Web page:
South Portland Police Lt. Todd Bernard, left, PAARI Executive Director Allie Hunter and Recovery Corps member Sarah Thorne hold a pop-up event this summer at the Day’s Inn in South Portland. Contributed / Police Assisted Addiction & Recovery Initiative

Since January, there have been 35 reported drug overdoses in South Portland, nine of them fatal.

“February was one of our highest months for overdoses,” said Sarah Thorne of the National Recovery Corps Program who is working with the South Portland Police Department. “There are some months where I see multiple overdoses, other months there might be one. But at this point, one is too many.”

At the PAARI Pop-Up event on July 15, Naloxone and fentanyl test strips were handed out to the public at the PAARI Pop. Contributed / PAARI

Thorne, a member of the Police Assisted Addiction & Recovery Initiative National Recovery Corps Program, has been embedded with South Portland since October 2020. She has been working with the department on overdose prevention and creating non-arrest pathways for those needing treatment for substance misuse.

The South Portland Police Department recently extended its partnership with Thorne and the initiative to continue the program for another year. Founded in 2015, the initiative has provided assistance to over 600 police departments in 35 states.

“Sarah has been helping us in areas where we’ve been lacking,” said Lt. Todd Bernard, who has been with the department for 31 years. “We try to follow up on every overdose incident that we have. Sarah keeps track of that, and we reach out to every person after they have been released from the hospital to try to put them in touch with services that are available.”

Community education is a big part of Thorne’s role. She and the initiative hosted a pop-up event in July to provide information on how to recognize an overdose and what to do.

“We handed out fentanyl test strip kits and were also able to hand out naloxone,” said Thorne.

Naloxone, also known by the brand name Narcan, is a medicine that is able to rapidly reverse an opioid overdose.

Of the 35 overdoses in South Portland since January, naloxone saved 23 lives. Only three of the people with nonfatal overdoses in South Portland did not need to be given naloxone, according to Thorne’s records.

“There were 93,000 overdose deaths in the country last year,” Bernard said. “There are estimates that for every death, nine other people (have been saved) with Narcan.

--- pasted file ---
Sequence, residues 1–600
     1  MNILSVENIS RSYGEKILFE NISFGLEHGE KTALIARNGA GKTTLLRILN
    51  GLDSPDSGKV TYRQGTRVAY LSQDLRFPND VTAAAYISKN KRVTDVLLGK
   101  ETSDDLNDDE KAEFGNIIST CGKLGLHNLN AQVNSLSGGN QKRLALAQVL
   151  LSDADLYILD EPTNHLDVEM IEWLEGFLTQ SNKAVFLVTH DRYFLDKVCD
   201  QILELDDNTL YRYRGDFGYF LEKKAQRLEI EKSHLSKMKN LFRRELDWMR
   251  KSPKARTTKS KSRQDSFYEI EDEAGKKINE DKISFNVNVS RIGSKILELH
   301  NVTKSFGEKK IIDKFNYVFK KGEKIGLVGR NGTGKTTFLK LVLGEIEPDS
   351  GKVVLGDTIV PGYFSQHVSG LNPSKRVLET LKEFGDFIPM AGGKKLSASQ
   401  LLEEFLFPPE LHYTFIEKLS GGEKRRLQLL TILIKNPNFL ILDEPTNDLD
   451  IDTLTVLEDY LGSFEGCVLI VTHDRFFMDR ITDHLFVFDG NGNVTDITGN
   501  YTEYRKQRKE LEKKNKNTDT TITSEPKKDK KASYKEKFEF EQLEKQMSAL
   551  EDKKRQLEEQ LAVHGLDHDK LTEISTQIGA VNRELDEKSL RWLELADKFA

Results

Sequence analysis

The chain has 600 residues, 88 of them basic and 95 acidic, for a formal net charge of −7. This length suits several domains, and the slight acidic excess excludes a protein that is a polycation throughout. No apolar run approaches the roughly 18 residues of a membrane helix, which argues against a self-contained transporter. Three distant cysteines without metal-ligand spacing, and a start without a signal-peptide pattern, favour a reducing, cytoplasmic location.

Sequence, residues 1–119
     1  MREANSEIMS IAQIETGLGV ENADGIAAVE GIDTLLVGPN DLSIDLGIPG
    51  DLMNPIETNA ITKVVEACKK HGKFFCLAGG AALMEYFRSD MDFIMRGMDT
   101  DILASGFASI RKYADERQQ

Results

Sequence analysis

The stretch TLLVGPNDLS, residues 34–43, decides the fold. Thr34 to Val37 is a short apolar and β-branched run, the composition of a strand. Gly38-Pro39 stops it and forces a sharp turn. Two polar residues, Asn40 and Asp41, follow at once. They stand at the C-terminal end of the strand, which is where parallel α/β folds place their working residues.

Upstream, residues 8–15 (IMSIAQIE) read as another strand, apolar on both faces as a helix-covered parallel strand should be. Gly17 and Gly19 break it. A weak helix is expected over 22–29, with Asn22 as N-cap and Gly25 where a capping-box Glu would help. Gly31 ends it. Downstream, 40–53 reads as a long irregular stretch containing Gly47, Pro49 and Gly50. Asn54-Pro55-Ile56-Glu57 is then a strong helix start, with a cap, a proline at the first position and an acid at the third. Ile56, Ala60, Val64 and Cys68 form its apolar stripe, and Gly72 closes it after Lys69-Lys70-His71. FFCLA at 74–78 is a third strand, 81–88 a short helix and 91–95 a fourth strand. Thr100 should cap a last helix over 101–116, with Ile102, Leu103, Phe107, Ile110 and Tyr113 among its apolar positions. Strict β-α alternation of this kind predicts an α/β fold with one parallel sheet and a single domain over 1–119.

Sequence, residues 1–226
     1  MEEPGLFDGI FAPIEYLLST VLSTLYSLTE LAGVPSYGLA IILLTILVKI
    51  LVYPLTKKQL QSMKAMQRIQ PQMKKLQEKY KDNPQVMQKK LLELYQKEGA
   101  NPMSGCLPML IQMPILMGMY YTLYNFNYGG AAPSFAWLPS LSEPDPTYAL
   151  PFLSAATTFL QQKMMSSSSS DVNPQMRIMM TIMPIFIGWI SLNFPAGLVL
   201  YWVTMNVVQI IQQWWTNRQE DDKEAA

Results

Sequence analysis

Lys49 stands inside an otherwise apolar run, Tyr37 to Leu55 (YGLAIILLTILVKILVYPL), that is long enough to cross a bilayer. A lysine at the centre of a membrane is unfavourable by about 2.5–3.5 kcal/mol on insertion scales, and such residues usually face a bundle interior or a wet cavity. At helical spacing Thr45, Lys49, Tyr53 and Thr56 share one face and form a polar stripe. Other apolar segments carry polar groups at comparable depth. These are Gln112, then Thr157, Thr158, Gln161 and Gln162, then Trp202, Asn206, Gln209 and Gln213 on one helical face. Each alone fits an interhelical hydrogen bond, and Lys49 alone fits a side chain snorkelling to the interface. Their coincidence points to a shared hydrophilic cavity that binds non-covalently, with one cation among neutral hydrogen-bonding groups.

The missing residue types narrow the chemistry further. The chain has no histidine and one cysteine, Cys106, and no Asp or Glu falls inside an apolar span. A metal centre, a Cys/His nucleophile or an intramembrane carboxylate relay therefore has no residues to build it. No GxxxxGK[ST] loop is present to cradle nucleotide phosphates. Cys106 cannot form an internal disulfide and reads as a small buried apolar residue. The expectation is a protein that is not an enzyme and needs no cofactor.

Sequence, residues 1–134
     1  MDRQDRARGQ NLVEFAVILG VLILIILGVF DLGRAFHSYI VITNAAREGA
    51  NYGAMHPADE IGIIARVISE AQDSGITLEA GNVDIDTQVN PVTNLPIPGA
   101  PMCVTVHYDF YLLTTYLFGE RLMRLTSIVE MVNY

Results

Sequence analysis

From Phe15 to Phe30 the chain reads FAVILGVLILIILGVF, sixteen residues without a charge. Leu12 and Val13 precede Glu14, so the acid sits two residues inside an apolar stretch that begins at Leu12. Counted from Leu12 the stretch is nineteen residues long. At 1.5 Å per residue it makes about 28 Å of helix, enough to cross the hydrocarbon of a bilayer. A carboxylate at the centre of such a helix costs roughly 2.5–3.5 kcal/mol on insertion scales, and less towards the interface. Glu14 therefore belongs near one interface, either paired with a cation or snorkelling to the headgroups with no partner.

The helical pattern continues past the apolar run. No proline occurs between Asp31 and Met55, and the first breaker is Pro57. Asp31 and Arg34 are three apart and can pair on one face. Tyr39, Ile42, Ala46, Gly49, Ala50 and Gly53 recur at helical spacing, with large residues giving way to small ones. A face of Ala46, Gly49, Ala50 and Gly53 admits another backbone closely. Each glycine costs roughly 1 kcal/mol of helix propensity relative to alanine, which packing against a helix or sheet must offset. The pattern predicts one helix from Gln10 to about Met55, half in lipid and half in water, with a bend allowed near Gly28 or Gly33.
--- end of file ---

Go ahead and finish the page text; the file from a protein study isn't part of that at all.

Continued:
“That would be almost 1 million overdose deaths without Narcan.”

Maine recorded a record 502 fatal overdoses in 2020, according to the University of Maine and the Office of the Chief Medical Examiner, and preliminary numbers in 2021 indicate that number is on the rise. Nationwide, overdose deaths have rapidly increased in the past decade. In 2010, there were over 38,000 overdose deaths, and in 2019, that number nearly doubled to over 70,000, according to

The big jump in overdose deaths in 2020 is largely attributed to the pandemic.

“Some of the support services would have been available if not for the pandemic,” said Bernard.

“Isolation,” stated Thorne. People seeking recovery “aren’t having that community … They’re having to take extra steps to get the help they need and that’s a barrier for some folks.”

Bernard agreed, saying that people with substance use disorders have told South Portland police that there is a  lack of resources available to them as a result of the pandemic.

Thorne said that pop-up events, like the one in July, are a great way to connect with the community and give these potentially life-saving, harm-reduction tools to the public. The department intends to hold more of the events in the future.

“Unfortunately, people are going to continue to use,” said Thorne. “But putting those harm-reduction tools in the hands of, not just those who are suffering, but also their friends and family members, can help.”

Between PAARI providing harm-reducing tools to the public and Thorne’s tracking of these overdoses and following up on those involved, the partnership has made a positive impact on the community. Bernard said. He also sees the potential to increase that impact.

“Our goal is to reduce the amount of people that we see overdose,” said Bernard. “It’s a lofty goal, but I think that’s what everyone in our community wants.”

Thorne said her work in South Portland has been eye-opening for her.

“This has given me a really great understanding of just how well South Portland PD has done in addressing this issue,” said Thorne. “Sometimes we as civilians don’t think about the impact officers can have on folks every day.”

“It’s just a great way to increase our presence out in the community, especially for those who need help,” said Bernard. “It shows we’re not just there for enforcement, but that we are also helping people in their journey to get clean.”

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